November is National Pet Cancer Awareness Month! As you might know, here at Turtle Creek we view the month of November as an opportunity to spread awareness about the seriousness of pet cancer, as well as sharing many educational opportunities with our clients. In this day and age, pets are living significantly longer, thanks to the research and technology that has evolved in veterinary medicine. So, what better way to enter the blogging world than with a blog about pet cancer?!
In our FIRST EVER blog post, I’m going to give you the cold hard truth about pet cancer. I’m going to try to help you understand which warnings signs could be more serious than you think.
|FACT:||Cancer is the uncontrolled growth of abnormal cells.|
|FACT:||Cancer is the #1 disease related cause of deaths in pets.|
|FACT:||Some breeds are more susceptible to certain cancers.|
|FACT:||Cancer cells develop because of damage to DNA, which can sometimes be inherited. More often, though, a dog’s DNA becomes damaged by exposure to something in the environment, such as tobacco smoke, pesticides or other carcinogens.|
Now that the facts are out, do you find yourself wondering which signs you should be looking for? Let me tell you:
- The obvious – what you see – LUMPS AND BUMPS. All lumps and bumps should be examined by a veterinarian, especially if they change in size or color, or do not resolve themselves (as in the case of insect bites). Your veterinarian might recommend a needle biopsy to let you know if this bump or lump has cancerous cells or not. Non-healing sores are also a concern and should be checked by your veterinarian.
- Weight loss or loss of appetite. Just like humans, when pets do not feel well, they do not want to eat.
- Coughing or difficulty breathing could be caused by a few things, but keep in mind that cancer metastasizing through the lungs present with the same symptoms.
- Unusually strong or abnormal odors. Cancer of the mouth, nose or anal regions can cause a very strong foul odor, it could also make chewing or swallowing difficult.
- Abnormal discharges. The gross stuff like blood, pus, vomiting, diarrhea or any other abnormal discharge should always be examined by a veterinarian.
- Depression, lethargy, the unwillingness to get up and exercise. If your pet isn’t acting like himself, talk to your veterinarian. Your pet is trying to tell you he/she doesn’t feel well without the ability to speak.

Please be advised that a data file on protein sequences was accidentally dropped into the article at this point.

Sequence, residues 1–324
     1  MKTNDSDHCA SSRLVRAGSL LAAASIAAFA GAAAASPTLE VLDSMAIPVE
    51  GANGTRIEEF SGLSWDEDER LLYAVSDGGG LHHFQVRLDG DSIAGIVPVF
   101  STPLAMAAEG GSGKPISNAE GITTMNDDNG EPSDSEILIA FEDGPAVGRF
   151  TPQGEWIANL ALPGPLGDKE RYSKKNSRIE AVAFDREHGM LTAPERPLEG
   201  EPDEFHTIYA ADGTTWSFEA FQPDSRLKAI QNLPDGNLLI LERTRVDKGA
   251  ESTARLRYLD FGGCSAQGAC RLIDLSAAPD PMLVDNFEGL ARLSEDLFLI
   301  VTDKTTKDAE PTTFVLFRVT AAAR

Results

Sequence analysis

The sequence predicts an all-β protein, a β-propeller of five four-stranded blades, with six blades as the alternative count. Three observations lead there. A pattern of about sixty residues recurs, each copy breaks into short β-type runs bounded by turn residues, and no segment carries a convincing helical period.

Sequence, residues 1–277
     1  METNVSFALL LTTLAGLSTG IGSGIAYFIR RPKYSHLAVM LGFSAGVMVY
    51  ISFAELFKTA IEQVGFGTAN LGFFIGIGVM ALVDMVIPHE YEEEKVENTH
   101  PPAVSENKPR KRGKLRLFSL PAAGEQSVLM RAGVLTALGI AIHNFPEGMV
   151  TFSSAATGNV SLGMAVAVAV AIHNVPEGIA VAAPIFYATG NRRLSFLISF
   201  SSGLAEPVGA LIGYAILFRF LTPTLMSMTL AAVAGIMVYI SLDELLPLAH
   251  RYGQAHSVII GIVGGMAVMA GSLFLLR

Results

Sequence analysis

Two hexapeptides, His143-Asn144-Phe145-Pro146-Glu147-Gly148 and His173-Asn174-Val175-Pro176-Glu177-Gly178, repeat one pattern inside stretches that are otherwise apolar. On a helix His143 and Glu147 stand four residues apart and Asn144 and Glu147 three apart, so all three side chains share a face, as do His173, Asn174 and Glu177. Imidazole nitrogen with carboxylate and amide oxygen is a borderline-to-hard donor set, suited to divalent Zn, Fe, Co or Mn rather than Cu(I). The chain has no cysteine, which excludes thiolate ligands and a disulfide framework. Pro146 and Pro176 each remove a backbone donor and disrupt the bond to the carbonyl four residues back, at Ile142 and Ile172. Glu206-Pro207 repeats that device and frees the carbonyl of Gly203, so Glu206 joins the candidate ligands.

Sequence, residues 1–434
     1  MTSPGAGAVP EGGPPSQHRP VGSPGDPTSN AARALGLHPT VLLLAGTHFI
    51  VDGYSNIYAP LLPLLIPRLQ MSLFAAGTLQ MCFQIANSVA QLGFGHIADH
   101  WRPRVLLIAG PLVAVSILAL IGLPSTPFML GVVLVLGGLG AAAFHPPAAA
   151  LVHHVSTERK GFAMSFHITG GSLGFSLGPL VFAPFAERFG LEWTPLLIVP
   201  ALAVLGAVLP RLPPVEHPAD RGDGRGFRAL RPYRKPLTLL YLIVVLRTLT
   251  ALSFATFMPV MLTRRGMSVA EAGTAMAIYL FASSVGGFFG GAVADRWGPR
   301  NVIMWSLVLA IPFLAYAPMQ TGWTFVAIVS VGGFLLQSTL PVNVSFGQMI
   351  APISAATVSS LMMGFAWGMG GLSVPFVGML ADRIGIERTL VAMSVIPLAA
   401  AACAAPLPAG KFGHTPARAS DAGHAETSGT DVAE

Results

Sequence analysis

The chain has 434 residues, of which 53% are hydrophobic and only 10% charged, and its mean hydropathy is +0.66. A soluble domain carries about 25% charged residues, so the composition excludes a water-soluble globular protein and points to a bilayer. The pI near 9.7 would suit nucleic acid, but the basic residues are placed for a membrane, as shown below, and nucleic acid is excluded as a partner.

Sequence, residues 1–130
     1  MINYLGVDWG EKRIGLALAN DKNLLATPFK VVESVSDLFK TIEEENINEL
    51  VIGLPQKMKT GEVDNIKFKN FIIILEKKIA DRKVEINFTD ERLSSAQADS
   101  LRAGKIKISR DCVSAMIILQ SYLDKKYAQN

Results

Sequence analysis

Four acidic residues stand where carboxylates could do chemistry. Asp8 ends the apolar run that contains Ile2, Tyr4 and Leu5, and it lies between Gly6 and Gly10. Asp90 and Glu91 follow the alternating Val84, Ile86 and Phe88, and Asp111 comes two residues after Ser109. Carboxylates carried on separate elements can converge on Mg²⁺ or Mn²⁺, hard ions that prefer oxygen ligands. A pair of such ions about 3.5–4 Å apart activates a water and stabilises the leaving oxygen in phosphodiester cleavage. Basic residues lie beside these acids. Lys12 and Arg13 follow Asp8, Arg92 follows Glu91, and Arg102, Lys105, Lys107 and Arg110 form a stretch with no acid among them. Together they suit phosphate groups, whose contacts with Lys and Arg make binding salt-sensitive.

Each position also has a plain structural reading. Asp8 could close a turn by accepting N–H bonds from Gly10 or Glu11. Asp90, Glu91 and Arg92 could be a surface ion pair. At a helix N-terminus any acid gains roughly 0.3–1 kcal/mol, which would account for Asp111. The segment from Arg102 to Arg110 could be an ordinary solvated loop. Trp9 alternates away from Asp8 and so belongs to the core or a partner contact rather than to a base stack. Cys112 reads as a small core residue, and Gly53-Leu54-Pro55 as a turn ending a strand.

Now that you realize your pet can get cancer just like you can, here are a couple easy steps to help keep your pet healthy and reduce the risk of pet cancer.
- Most importantly, visit your veterinarian at least twice a year for wellness exams. Your veterinarian is highly trained in examining your pet from nose to tail. He/she might be able to find a problem before it becomes too serious. Don’t forget that your pet ages 7 years to your 1 year. Imagine what would change if you didn’t see a doctor in 7+ years!
- Spay and neuter your pet. I know what you’re thinking “that doesn’t make a difference!” but yes it does! Dogs who aren’t spayed before experiencing their 2nd heat cycle are 26% more likely to develop mammary cancer during their lifetime. Cats spayed before 6 months of age are SEVEN times less likely to develop mammary cancer. Neutering male pets significantly reduces their chance of prostate cancer and eliminates their chance of testicular cancer.
- Feeding your dog a healthy diet, providing regular exercise and avoiding known carcinogens will help reduce the cancer risk.
Now that you feel informed, do you find yourself wondering “how can I help spread awareness?” – let me tell you how. Each November we design a t-shirt about pet cancer to help raise awareness. All proceeds from sales are donated to Morris Animal Foundation (the leading researcher institute in pet cancer). Additionally, for a more fun and exciting way to help spread awareness, join us in April at our Hot Diggity Dog Jog event where we host a 1 mile fun run and a 5K benefitting Morris Animal Foundation. Lastly, please help us spread the word by sharing this information, and let’s all do our part in trying to prevent this deadly disease from taking the lives of our furry companions.